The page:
Peru is now the 3rd largest export market for U.S. consumer food products in South America.  In 2020 the total was US$295.1 million, a decrease of 8%.  Peru also ranks 3rd as a market for U.S. processed food exports.  In 2020 Peru imported US$237.4 million, a decrease of 3% from 2019.  Top processed food exports from the U.S. to Peru in 2020 included:

  • Processed/Prepared Dairy Products
  • Food Preparations & Ingredients
  • Oils
  • Non-Alcoholic Beverages
  • Dog & Cat Food
  • Chocolate and Confectionery

Advantages and Challenges for U.S. Food Exporters in Peru

Advantages

  • The U.S.-Peru Trade Promotion Agreement (PTPA) grants duty-free access to two thirds of all U.S.-origin food and agricultural products, including high-value food products.
  • An active supermarket industry that is working to increase demand for high-value food products.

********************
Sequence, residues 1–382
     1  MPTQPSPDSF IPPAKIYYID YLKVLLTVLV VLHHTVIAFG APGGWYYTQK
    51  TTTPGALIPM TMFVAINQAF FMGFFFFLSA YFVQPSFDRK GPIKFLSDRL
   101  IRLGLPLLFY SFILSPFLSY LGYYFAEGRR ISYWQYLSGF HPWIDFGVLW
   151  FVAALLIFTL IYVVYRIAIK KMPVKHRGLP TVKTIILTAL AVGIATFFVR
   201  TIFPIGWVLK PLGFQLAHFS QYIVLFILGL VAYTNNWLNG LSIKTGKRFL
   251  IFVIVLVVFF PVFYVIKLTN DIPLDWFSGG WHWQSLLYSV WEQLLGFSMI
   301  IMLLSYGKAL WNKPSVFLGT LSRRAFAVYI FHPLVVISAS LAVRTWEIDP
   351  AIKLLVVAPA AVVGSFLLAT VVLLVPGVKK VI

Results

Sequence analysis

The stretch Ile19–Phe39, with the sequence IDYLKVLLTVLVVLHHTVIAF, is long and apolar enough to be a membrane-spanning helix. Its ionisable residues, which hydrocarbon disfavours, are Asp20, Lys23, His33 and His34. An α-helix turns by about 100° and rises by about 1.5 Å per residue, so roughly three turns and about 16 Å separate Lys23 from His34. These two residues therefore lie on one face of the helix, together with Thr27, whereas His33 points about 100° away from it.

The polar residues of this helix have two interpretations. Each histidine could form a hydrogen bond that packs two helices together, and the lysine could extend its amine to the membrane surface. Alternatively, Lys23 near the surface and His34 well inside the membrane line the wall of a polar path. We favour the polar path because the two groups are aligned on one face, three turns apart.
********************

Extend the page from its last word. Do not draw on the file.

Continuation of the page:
• Growth of foodservice in Lima, with a demand for affordable products.
  • Appreciation for U.S. food quality and culture.
  • Middle-class expansion

Challenges

  • Consumers prefer to buy fresh produce in traditional markets.
  • Supermarkets (main source for imported food products) account for only 25% of the retail food market share in Lima and 16% in the provinces.
  • Local food brands are appearing in the market at very low prices.
  • Stiff competition from neighboring countries.
  • Domestic producers manufacture products according to local taste preferences.

“All of Food Export’s programs were a tremendous help getting us export ready, understanding the challenges that come with international business, and learning how to navigate them.”

Katz Gluten Free

Food Export-Northeast Participant since 2018       

Interested in importing from U.S. suppliers?
Contact us to learn more.

Retail Sector